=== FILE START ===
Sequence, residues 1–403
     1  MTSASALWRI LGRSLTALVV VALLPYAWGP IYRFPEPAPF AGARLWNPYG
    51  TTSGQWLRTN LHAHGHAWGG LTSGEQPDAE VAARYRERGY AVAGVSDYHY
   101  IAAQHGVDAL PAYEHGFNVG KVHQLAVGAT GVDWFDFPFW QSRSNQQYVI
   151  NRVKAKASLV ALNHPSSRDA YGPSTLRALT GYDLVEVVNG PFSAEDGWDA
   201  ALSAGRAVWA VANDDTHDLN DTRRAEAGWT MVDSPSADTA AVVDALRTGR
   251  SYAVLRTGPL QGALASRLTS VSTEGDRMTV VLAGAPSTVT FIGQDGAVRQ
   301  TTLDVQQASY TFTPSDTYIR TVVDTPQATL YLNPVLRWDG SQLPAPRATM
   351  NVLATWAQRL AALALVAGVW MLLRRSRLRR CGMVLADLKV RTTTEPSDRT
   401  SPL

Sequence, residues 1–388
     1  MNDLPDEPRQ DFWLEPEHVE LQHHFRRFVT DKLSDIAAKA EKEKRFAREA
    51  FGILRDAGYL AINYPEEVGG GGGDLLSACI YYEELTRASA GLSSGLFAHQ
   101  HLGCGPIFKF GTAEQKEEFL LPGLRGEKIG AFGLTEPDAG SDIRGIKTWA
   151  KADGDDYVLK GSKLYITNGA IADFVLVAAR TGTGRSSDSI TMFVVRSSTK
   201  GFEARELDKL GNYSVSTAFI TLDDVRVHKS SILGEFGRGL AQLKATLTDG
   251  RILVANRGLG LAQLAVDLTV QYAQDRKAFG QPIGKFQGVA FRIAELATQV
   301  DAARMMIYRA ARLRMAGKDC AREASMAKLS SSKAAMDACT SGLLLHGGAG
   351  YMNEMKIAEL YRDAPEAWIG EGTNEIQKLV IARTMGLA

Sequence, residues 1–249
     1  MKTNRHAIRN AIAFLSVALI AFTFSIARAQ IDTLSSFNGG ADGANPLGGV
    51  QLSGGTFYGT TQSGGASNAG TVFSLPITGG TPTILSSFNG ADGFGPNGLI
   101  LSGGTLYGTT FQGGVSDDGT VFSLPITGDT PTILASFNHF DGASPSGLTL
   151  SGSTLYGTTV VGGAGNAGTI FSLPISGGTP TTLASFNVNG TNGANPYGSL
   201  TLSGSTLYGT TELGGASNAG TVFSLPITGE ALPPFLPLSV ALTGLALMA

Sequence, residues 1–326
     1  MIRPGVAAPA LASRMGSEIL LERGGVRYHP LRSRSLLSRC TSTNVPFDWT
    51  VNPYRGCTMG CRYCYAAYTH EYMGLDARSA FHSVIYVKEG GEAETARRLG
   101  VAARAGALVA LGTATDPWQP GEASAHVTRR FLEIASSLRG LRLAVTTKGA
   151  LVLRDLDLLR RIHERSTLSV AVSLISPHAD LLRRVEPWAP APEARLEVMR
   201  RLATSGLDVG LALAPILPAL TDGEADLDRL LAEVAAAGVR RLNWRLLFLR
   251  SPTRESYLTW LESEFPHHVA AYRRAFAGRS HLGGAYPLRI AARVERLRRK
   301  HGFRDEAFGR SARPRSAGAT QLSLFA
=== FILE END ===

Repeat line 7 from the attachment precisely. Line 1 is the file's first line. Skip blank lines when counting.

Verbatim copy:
   251  SYAVLRTGPL QGALASRLTS VSTEGDRMTV VLAGAPSTVT FIGQDGAVRQ